Considering the Catholic Church’s teaching on political participation and democratic institutions, these challenges to the voting rights of American citizens should be top concerns for Catholic voters in 2020, but they hardly fit into the framework provided by the US bishops in FCFC. Likewise, Catholic voters should be concerned with the unprecedented corruption and abuse of power carried out by the Trump administration. President Trump has refused to separate his private business interests from his public role as president, advertising his properties, spending public money on weekend travel to his golf courses, and engaging in political activities with his adult children who are ostensibly running the family business in his name. The New York Attorney General dissolved Trump’s charitable foundation for coordinating with his political campaign and other forms of corruption, and the president is currently being investigated by the Manhattan district attorney for tax fraud. Numerous cabinet and other administration officials have engaged in corruption of their own. President Trump has also abused his powers, calling for the investigation of his political opponents and, according to the Mueller Report, using the powers of the presidency to hinder the FBI’s investigation of his campaign’s relationship with Russians engaged in interfering in the 2016 election. The Trump administration has stonewalled congressional oversight on a host of issues and dismissed inspectors general investigating corruption or other misconduct. The president has declared flimsily-justified national emergencies to circumvent Congress and fund pet political projects like the border wall and, allegedly, offered pardons to Customs and Border Protection agents who broke the law in preventing asylum seekers from entering the country. These scandals should weigh heavily on the conscience of any responsible Catholic voter, but they hardly fit into the issue-by-issue approach laid out in FCFC.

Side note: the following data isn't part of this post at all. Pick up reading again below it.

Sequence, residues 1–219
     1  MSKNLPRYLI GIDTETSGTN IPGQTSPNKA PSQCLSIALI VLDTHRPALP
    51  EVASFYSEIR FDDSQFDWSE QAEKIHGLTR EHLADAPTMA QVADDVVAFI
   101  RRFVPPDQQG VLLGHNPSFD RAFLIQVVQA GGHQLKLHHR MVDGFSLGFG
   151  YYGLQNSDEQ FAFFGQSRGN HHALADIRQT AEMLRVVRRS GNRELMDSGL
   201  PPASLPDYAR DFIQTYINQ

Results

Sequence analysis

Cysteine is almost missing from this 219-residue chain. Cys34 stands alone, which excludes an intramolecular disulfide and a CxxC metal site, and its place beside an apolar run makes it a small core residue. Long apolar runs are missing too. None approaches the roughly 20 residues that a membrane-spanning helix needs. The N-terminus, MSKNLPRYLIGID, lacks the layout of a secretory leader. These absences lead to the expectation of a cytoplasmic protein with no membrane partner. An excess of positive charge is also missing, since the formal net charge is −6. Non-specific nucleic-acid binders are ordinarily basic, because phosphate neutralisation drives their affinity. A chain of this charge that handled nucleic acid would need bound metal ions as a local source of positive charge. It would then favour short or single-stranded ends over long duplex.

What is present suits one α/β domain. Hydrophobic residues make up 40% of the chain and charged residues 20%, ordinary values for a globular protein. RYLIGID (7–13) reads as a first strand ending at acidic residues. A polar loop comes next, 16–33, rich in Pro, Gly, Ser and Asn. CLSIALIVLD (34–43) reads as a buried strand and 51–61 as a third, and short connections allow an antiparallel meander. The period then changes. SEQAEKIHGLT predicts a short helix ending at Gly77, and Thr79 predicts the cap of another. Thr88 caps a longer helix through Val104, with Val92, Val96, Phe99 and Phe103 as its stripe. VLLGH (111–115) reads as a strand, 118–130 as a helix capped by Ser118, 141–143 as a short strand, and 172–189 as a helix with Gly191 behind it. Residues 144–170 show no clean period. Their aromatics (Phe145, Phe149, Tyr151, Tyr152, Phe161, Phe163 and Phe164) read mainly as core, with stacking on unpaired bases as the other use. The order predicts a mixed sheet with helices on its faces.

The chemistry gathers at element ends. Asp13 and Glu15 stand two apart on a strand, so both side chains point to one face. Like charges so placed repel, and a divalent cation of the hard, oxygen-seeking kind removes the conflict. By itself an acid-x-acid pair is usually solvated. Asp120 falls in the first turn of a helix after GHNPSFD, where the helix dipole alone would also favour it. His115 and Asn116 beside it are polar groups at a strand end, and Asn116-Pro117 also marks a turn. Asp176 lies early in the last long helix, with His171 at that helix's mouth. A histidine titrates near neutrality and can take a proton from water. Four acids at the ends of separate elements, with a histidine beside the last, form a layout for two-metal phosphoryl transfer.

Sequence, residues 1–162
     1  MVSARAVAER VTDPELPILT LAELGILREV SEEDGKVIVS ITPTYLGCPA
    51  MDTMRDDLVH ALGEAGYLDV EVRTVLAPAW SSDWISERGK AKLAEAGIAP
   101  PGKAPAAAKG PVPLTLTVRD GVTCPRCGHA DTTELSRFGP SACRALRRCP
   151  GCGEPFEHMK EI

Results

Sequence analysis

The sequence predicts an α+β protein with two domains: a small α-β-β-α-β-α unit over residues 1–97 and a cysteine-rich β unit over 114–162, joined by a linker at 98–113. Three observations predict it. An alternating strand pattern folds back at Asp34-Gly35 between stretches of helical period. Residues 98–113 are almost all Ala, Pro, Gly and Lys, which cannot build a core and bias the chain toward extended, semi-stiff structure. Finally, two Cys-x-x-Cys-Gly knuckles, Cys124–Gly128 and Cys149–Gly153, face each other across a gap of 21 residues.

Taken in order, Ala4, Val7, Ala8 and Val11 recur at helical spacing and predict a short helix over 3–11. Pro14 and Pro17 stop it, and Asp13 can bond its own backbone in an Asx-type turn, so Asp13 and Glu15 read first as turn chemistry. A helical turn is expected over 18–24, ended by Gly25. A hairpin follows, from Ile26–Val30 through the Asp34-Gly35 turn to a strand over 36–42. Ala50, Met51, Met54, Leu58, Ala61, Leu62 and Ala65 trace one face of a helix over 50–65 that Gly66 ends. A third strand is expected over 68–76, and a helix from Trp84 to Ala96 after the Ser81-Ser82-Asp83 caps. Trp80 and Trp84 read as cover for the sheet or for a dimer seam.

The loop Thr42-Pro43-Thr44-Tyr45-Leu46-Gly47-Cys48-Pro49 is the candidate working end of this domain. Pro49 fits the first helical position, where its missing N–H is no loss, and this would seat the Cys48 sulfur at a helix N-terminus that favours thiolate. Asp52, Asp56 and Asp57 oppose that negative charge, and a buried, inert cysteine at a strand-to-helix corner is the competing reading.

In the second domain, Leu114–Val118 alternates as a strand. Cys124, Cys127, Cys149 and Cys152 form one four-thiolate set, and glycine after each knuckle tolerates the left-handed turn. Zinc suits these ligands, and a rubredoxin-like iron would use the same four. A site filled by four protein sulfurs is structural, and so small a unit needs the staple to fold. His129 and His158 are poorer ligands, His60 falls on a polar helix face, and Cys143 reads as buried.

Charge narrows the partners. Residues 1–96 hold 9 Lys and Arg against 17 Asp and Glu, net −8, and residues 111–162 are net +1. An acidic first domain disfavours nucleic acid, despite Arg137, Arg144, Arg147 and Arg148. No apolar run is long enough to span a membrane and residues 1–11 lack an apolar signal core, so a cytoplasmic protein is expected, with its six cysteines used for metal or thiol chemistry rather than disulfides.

At the same time, the powers of the executive branch have expanded under presidents of both parties, weakening democratic accountability and congressional oversight and paving the way for the abuses listed above. Vice presidential candidate Kamala Harris has in the past expressed no qualms about using some of the same executive powers as President Trump, for example advocating for an executive order on gun control. After the death of Supreme Court Justice Ruth Bader Ginsburg and the nomination of Amy Coney Barrett for the position, Democrats are seriously considering the possibility of adding seats to the Supreme Court, raising serious questions about the role of the Supreme Court in checking congressional and presidential power. Wherever one stands on these issues, the health of the United States’ democratic institutions is in a fragile state, a problem that has been developing for a long time and that is larger than Donald Trump. Unfortunately, the narrow framing of electoral issues in FCFC makes it difficult for U.S. Catholics to faithfully address this challenge. As I have tried to explain in this essay, however, the resources exist in Catholic teaching to help guide Catholic voters in assessing how to think through these challenges as we head to the polls even if they do not provide us with easy answers.